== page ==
Playing with and without Biofeedback

M. Abdullah Zafar, Beena Ahmed, Ricardo Gutierrez-Osuna

Research output: Chapter in Book/Report/Conference proceedingConference contribution

4 Citations (Scopus)

Abstract

Casual mobile games enhanced with biofeedback provide a more engaging alternative to traditional stress self-regulation therapies. Previous studies have shown to help players acquire breathing control skills that carry-over into a subsequent cognitively stressful task. We replicated these results with higher power (42 users), and with a more challenging game. We used a Pac-Man style game enhanced with Respiratory Biofeedback, Pac-Man Zen, to compare 1) breathing control during play, 2) the carry-over of said control into a subsequent stressful task and 3) cognitive improvement in a subsequent stressful task against a non-biofeedback version of the game. Results showed that one-time training with the biofeedback version of the game was not only more effective, but also led to improved performance in a later stressful task, both in terms of lowered breathing and improved test scores, compared to the non-biofeedback version. The result is important because it suggests that stimulating, casual biofeedback games can be effective at teaching breathing control, and thus arousal regulation, in a stressful setting.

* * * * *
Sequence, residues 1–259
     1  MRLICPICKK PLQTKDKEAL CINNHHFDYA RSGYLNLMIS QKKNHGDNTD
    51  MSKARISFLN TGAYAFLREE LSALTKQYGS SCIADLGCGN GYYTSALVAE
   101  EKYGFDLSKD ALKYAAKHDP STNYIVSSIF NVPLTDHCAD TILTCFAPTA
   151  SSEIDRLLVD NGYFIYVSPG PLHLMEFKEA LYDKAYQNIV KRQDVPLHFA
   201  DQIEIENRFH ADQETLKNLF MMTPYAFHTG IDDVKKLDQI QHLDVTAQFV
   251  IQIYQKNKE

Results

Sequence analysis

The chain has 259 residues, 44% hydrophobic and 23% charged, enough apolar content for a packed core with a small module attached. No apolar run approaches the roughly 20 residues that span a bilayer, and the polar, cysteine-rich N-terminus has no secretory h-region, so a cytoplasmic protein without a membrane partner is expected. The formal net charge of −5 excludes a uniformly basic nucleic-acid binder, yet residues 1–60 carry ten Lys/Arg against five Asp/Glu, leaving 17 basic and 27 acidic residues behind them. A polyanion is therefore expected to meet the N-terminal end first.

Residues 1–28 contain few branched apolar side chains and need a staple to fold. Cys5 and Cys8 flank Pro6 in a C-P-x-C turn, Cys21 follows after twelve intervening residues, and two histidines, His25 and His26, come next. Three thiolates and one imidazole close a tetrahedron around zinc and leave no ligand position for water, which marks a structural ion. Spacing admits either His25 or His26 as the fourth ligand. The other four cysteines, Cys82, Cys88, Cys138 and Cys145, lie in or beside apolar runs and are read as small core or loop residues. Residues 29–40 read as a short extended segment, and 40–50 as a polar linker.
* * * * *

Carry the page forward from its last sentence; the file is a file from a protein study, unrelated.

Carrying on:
Original languageEnglish
Title of host publication2017 IEEE 5th International Conference on Serious Games and Applications for Health, SeGAH 2017
PublisherInstitute of Electrical and Electronics Engineers Inc.
ISBN (Electronic)9781509054824
DOIs
Publication statusPublished - 5 Jun 2017
Event5th IEEE International Conference on Serious Games and Applications for Health, SeGAH 2017 - Perth, Australia
Duration: 2 Apr 20174 Apr 2017

Other

Other5th IEEE International Conference on Serious Games and Applications for Health, SeGAH 2017
CountryAustralia
CityPerth
Period2/4/174/4/17

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Keywords

  • biofeedback
  • game-based learning
  • mobile game
  • respiratory control
  • stress regulation

ASJC Scopus subject areas

  • Human-Computer Interaction
  • Media Technology
  • Computer Science Applications
  • Neuropsychology and Physiological Psychology
  • Health(social science)
  • Pediatrics, Perinatology, and Child Health
  • Education

Cite this

Zafar, M. A., Ahmed, B., & Gutierrez-Osuna, R. (2017). Playing with and without Biofeedback. In 2017 IEEE 5th International Conference on Serious Games and Applications for Health, SeGAH 2017 [7939272] Institute of Electrical and Electronics Engineers Inc.. https://doi.org/10.1109/SeGAH.2017.7939272